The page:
by Jeff Burt
The daughter wore knit ankle-to-thigh leggings for dance practice to toil, to sweat, not for elegance of form but to remember strain, effort, feet bared to develop leathered soles like the palms of her father, her mother, from their work in the soil. When life slowed after college, the urge to jeté left her legs. She gave the leggings as a present to her father, obsolescent in work and make.
Drawn up to and bunched at the father’s knees, the leggings pulled the pooling blood at his ankles back toward his thighs for the coursing transport up to his heart. They reminded him of semi-pro baseball days, the loops worn, the white leggings showing, the second base bag kicked and dust stomped off his cleats, the clay a lasting swipe across his stealing legs, the five-dollar bill full of Nebraskan dust handed out by the furniture store owner when the game was over. He’d been known for getting a good jump on the pitcher, for flying down the base path. That winter, dying, he read westerns, and one morning gave the leggings as his last present to his wife.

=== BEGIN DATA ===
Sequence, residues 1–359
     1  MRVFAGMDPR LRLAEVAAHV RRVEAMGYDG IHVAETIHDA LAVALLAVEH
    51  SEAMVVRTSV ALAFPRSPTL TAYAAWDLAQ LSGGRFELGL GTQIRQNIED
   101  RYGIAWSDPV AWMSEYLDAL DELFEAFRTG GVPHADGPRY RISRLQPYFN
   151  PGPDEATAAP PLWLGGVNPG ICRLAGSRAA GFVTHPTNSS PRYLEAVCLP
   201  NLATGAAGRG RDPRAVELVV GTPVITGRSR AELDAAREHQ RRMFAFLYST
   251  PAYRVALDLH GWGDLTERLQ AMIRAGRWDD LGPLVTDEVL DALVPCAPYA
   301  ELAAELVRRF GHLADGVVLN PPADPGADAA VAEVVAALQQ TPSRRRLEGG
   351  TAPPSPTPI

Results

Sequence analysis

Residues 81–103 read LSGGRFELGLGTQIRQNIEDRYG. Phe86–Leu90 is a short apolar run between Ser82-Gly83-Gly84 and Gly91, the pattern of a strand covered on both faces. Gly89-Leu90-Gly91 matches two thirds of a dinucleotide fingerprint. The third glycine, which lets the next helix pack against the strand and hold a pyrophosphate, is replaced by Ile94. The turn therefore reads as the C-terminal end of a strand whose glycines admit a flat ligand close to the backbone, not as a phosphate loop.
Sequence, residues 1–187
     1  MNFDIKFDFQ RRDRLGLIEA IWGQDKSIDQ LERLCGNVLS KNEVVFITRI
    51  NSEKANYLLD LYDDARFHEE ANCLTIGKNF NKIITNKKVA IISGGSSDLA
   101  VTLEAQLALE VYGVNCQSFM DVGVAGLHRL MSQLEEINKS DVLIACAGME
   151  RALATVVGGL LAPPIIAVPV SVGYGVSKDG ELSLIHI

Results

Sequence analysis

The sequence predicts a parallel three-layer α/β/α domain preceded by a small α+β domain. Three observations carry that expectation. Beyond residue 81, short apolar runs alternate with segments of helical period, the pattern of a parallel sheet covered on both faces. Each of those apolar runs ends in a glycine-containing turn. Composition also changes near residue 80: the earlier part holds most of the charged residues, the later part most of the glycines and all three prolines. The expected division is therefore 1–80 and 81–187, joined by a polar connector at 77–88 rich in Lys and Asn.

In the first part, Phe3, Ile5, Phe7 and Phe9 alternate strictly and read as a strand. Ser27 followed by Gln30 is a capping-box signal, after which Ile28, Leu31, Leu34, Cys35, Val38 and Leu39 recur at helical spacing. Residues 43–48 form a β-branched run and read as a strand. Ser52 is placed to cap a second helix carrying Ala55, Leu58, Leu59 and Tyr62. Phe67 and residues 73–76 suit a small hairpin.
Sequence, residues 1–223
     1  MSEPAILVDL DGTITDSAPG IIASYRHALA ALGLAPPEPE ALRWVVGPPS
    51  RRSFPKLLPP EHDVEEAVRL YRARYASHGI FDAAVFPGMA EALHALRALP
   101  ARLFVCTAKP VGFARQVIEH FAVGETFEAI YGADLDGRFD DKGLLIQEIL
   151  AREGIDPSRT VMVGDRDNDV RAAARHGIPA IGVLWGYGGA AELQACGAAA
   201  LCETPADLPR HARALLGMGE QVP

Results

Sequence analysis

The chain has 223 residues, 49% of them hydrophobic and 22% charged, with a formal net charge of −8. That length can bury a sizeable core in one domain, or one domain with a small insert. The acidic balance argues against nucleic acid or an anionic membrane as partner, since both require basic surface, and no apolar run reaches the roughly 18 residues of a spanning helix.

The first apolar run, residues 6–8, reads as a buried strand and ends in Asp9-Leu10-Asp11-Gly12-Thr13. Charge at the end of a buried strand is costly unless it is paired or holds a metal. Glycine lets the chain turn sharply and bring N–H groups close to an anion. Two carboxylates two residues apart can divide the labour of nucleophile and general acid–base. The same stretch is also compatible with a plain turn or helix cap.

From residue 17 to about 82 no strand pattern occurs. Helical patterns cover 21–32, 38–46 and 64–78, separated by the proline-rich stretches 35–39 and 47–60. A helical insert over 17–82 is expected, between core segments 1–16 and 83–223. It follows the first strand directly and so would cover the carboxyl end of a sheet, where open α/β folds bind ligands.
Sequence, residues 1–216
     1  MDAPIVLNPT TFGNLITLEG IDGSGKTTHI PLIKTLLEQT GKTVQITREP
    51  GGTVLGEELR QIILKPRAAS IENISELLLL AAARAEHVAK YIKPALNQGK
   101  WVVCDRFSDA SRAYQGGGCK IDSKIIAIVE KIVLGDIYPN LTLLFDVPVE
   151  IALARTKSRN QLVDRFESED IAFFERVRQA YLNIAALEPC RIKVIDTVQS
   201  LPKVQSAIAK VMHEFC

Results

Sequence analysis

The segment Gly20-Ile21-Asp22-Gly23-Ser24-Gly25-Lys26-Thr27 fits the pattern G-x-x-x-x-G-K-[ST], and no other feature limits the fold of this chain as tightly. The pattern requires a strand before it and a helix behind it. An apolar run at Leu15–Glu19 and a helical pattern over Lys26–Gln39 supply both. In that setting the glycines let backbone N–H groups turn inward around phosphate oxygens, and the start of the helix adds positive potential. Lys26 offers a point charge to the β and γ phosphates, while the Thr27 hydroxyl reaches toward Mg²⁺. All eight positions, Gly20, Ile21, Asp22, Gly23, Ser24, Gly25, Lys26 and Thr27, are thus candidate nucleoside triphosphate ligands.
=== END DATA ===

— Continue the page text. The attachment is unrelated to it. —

Out in the snowing, the flakes piled up, uniqueness compacted, lost. The mother felt the warm pleasure of the leggings pulled taut under her heavy jeans, let the shovel stand against her arm, the blizzard cover what she had just cleared. Here, at sixty, husband inside chest opened and closed from surgery and lashed to a wheelchair, she was unaccountably happy, thinking the leggings made her nearly airborne like the snowflakes, she was drifting, a snowflake, her home was no longer the ground but the sky. She had not felt elation in such a long time. Her husband died by morning, having rolled out onto the patio in his wheelchair overnight. She moved south to Arkansas, welcomed wintering birds, found warmth returning to her body. She gave the leggings to her neighbor, a young man who could not afford to heat his small apartment.
The young man liked to jump around the house in the leggings listening to The Moldau as if they were waders to remind his feet of fly-fishing, a river, and the cold channel that ran at the bottom where both the rounded rocks and bigger fish lived. He knew the eagerness of water to run, to leap. He left the leggings at the end of the couch one morning before going to work.
His young cat, with the white paws and back and belly and the black legs, played with the long leggings, drew them to the hardwood floor, with claws unraveled them. When the young man returned home, he saddened, but kept the door open and swept the filaments outside.
When the wind blew, the threads flew.
* * *
Jeff Burt has contributed fiction to Gold Man Review, Green Lantern Literary Journal, New Maps, and Lowestoft Chronicles. He won the 2018 Consequence Magazine Fiction Prize.